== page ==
Are businesses anti-social? And if they are, why are they?

That was the topic for my talk at Social Media in Enterprise (#SMiE) at Cass Business School – with much thanks to David Terrar and Alan Patrick for putting on a great event.

Recently someone said to me “Two types of people look at you funny.” – those two types of people being undertakers and psychologists. The sad thing is that most businesses would rather see an undertaker than a psychologist, even though the heart of all of their business problems is people-related. Worse still, when businesses look to deploy social media or any other form of collaborative technology, they tend to tackle the technical-feature decisions, rather than the social-people ones. If you approach social media without the psychology, you just end up with the media – you may as well just pay your staff to watch TV. And, sadly, that’s what many businesses do with their communications – they broadcast information out, and don’t build in the vital return paths that provide the business intelligence that is needed to excel.

Is your business social? Or is it anti-social?

A distinction has to be made between process-centric and knowledge-centric businesses. All organisations feature both aspects, but the balance is radically different. For example, a manufacturer of commodity items in a market with little competition will tend to be highly process-centric. It is all about doing the same thing, those processes, faster and cheaper. Better and smarter would be good, but it isn’t mandatory. At the other end of the scale, a market analysis company in a highly competitive market is highly knowledge-centric. Cheaper and faster might be good in such an environment, but ultimately better and smarter win out. In a knowledge-centric business informal communication is a key component of value creation. As soon as you define that informal communication in its context you are talking about social interaction. The leap to seeing the business value of social software isn’t a big one, but before we go there it’s worth pondering the social nature of business a little further.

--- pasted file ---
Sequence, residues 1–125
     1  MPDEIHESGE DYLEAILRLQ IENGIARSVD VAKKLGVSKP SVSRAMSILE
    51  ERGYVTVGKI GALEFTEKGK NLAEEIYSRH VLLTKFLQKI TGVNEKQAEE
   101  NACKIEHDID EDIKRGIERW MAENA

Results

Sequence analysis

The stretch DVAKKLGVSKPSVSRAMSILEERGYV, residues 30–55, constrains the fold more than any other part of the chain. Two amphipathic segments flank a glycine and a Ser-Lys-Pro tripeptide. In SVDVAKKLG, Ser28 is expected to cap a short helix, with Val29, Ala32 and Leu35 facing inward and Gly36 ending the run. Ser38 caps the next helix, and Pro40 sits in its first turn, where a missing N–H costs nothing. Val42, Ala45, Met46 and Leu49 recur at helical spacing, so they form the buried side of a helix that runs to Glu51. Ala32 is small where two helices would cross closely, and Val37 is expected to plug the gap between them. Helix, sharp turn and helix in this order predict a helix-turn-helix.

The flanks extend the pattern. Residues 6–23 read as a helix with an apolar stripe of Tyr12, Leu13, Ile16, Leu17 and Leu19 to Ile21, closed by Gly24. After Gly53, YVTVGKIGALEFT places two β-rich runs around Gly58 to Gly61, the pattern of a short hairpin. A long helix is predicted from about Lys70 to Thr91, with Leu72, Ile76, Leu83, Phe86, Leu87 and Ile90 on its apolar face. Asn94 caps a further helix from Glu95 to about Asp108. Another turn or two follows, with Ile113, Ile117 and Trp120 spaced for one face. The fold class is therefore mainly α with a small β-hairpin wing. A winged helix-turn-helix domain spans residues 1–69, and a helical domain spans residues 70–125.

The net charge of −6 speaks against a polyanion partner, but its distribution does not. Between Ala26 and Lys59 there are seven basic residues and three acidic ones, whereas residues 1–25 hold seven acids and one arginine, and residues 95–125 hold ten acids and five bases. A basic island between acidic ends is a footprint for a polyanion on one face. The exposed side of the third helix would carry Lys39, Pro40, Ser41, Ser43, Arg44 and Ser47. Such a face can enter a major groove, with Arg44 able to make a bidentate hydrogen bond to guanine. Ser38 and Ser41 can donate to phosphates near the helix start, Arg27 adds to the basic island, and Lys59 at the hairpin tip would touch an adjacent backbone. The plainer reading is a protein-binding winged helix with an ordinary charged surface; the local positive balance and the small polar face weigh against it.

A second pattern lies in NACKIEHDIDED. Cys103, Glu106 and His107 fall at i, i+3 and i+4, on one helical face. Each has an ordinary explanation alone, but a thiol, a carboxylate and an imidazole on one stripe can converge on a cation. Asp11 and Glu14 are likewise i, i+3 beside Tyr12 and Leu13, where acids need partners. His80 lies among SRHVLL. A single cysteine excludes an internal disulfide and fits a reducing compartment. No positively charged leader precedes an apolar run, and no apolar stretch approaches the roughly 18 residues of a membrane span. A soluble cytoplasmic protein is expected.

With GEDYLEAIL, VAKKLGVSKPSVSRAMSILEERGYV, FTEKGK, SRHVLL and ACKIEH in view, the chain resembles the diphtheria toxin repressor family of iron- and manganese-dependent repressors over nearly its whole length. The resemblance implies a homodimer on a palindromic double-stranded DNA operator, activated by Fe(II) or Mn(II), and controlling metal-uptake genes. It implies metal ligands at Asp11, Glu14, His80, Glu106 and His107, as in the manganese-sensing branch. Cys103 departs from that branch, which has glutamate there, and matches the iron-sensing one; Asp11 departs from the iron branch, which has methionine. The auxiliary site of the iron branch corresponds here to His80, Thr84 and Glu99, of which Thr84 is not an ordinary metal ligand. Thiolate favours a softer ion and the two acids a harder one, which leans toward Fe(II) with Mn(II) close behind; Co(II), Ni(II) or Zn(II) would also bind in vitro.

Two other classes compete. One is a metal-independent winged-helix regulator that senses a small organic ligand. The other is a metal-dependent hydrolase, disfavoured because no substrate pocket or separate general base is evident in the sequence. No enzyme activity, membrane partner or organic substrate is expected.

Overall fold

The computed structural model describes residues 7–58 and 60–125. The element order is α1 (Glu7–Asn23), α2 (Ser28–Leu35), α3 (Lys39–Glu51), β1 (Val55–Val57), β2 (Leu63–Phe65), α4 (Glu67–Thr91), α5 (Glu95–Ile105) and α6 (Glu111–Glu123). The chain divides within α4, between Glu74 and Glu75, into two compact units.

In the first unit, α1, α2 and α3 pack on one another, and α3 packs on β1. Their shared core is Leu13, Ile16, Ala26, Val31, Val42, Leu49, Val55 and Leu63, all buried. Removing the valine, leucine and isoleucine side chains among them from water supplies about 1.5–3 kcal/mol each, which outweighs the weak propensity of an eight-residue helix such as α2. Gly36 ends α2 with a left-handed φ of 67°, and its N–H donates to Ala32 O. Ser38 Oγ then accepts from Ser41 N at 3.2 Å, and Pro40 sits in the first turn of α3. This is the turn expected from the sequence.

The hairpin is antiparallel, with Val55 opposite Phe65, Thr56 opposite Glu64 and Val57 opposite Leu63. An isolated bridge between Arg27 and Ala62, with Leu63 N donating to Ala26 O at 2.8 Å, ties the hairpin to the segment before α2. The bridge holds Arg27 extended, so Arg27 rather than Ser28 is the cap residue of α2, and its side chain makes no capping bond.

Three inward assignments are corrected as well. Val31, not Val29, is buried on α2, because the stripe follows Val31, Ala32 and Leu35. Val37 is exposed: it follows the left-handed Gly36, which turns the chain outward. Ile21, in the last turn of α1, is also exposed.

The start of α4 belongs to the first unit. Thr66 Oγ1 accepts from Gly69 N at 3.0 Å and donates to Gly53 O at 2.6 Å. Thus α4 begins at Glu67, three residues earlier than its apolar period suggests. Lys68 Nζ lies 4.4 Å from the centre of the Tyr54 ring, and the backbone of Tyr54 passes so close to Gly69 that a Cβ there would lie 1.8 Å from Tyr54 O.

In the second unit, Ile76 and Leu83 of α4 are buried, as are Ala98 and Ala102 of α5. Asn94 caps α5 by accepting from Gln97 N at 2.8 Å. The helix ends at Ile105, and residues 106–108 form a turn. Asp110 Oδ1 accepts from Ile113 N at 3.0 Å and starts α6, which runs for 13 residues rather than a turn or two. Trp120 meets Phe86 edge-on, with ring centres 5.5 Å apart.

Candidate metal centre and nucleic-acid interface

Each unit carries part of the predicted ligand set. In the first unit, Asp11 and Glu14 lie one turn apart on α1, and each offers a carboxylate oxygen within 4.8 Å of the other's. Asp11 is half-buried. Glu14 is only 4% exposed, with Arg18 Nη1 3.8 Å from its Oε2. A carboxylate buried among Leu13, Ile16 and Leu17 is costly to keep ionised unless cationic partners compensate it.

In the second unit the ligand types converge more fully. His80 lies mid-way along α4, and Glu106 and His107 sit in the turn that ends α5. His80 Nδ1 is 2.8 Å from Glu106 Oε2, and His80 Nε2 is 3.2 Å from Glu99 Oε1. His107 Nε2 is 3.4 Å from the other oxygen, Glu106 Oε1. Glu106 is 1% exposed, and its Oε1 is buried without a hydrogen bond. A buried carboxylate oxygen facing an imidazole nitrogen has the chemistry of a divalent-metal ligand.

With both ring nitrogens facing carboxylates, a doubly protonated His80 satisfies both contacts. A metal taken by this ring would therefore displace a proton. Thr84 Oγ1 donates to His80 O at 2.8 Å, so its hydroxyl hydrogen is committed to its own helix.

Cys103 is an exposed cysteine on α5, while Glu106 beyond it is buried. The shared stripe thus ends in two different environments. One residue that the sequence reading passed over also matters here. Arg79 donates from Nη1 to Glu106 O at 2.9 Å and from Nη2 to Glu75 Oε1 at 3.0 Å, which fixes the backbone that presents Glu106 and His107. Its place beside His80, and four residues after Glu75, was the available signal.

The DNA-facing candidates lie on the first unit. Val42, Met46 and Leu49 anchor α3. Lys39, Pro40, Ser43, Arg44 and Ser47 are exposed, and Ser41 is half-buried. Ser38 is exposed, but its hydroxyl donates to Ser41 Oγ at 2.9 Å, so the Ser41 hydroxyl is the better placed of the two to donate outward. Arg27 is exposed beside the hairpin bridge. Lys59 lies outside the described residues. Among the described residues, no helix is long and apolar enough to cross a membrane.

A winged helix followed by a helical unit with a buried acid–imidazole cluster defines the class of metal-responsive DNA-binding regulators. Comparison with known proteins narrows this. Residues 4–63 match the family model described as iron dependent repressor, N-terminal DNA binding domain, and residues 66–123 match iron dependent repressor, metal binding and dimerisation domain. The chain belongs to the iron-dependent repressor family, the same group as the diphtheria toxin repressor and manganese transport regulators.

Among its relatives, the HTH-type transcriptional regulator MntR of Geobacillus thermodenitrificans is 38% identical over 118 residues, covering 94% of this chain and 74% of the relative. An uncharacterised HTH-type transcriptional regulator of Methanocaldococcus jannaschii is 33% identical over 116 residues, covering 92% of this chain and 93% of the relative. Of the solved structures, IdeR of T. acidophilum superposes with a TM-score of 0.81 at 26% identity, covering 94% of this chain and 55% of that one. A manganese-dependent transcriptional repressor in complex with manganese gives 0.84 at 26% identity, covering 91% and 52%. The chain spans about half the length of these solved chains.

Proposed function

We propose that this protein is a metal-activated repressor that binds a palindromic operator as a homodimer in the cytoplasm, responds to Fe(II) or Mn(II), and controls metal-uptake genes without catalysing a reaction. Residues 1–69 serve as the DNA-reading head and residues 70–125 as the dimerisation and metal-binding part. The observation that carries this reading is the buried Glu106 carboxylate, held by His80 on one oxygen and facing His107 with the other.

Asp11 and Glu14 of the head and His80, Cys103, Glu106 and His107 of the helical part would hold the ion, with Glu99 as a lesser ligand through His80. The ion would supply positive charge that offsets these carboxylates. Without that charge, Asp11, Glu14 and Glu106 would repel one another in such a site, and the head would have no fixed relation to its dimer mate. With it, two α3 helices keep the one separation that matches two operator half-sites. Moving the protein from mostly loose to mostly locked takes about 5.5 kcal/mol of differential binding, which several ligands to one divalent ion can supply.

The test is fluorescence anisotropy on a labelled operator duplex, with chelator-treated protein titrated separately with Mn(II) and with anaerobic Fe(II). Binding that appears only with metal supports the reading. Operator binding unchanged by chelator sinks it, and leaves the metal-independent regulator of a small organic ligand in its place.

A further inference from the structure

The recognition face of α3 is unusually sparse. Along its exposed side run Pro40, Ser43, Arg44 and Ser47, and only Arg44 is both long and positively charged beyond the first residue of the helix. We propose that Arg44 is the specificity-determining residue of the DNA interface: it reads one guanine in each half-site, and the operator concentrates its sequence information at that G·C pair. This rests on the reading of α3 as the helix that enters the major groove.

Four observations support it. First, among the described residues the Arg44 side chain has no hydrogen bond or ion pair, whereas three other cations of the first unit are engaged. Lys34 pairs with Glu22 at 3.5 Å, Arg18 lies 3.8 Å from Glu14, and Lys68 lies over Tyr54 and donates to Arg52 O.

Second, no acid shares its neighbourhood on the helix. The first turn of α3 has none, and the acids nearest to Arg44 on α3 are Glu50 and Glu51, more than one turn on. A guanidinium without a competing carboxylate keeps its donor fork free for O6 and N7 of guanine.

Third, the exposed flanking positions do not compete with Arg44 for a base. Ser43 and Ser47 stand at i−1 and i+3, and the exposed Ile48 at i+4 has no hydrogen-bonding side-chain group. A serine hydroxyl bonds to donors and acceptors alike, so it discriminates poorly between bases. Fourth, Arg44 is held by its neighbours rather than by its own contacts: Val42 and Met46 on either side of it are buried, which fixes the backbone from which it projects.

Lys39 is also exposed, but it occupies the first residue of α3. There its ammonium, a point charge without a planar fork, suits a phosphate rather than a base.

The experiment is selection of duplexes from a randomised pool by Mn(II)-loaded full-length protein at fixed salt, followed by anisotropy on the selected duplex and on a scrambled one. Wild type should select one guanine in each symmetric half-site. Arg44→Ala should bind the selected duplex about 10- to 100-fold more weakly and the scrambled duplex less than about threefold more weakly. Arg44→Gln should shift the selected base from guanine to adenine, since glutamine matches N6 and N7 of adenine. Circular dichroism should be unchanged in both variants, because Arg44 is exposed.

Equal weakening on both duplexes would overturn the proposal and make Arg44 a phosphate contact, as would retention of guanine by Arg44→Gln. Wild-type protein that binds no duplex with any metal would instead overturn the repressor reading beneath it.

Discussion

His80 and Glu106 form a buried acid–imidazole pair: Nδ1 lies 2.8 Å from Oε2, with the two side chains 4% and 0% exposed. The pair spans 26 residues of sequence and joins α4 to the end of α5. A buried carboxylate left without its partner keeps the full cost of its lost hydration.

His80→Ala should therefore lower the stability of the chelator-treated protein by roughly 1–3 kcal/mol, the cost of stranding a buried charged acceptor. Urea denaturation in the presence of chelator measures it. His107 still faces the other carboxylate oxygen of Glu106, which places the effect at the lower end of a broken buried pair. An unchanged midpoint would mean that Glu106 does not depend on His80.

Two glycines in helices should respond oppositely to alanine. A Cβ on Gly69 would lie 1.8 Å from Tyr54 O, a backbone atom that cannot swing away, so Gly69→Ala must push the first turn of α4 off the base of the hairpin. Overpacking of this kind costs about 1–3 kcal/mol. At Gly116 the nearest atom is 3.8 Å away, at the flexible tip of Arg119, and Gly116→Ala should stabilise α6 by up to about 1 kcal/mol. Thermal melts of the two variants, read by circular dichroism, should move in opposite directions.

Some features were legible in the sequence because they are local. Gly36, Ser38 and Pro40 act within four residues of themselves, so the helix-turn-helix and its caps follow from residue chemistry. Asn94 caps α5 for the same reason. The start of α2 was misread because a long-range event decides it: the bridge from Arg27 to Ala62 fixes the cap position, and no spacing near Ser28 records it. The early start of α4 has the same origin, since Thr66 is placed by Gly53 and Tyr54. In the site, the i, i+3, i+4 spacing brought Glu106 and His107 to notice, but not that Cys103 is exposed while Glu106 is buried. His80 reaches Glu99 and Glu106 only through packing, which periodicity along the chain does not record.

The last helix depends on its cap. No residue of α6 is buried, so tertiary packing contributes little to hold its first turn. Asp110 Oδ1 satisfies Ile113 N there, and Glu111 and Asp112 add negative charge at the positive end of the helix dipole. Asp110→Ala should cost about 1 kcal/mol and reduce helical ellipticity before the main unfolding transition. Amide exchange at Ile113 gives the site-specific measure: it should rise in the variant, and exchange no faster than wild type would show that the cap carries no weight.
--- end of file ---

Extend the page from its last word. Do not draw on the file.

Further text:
Hired for a purpose or for a higher purpose?

Even a cursory perusal of the literature that covers running a successful business is likely to convince you of one thing: Businesses that succeed, and continue to succeed, are driven by a big vision that reaches beyond the walls of the business itself, and towards some higher (social) goal. I challenge anyone to name many successful business where the initial staff were hired just to do a job. From Cisco Systems to Zappos, from Google to Innocent, you will find companies full of motivated staff who spend most of their time more convinced that they are changing the world than changing the balance sheet. Before you join, invest in or do business with any company, ask these questions:

What is the (social) purpose of the business? How does it contribute to society? How does it support community?

The answers will tell you more about the health of the business than any annual report. Businesses are, and have always been, social. Business leaders may have lost sight of the imperative need for a social purpose in recent decades, but consumers are marching to remind them that the right to make money is predicated on the responsibility to serve the society which the business is, in reality, totally reliant on. It has always been so. The social enterprise is not a new concept, and while Cadbury may now be Kraft, a new generation of socially aware businesses is starting to spring forth. Now, before I get accused of being a hippy, let me be the first to point out that running a business is fundamentally about bringing in the cash. However, the permission to make money is granted by the customers and their influencers (society and societies). Ignoring that is a guaranteed path to failure.

Does money grow on trees – or in networks?

Whenever someone engages with a new business, there is the inevitable, and sensible, desire to know how it works. What baffles me is that more often than not, the answer to such enthusiastic enquiries is to thrust an org chart into the inquisitor’s hands. Never, in my entire life, has one of these curious artefacts reflected the current employee reporting chain in any business with more than a dozen or so staff. Even if, by some miracle of information engineering, it did, that would still tell me precious little about how the day-to-day operations of the business proceed. That branch of the tree diagram on the right, that seems to have a cluster of titles related to accounting – do those individuals just spend their days talking to themselves, never interacting with the other parts of the organisation? Of course not. A functioning business is a network of people connected by communication channels and focussed around projects (points of purpose), documents (information) and meetings (interactions). It’s not about individuals, as much as an organisation may build its policies that way, it is about teams and teams of teams. It’s social.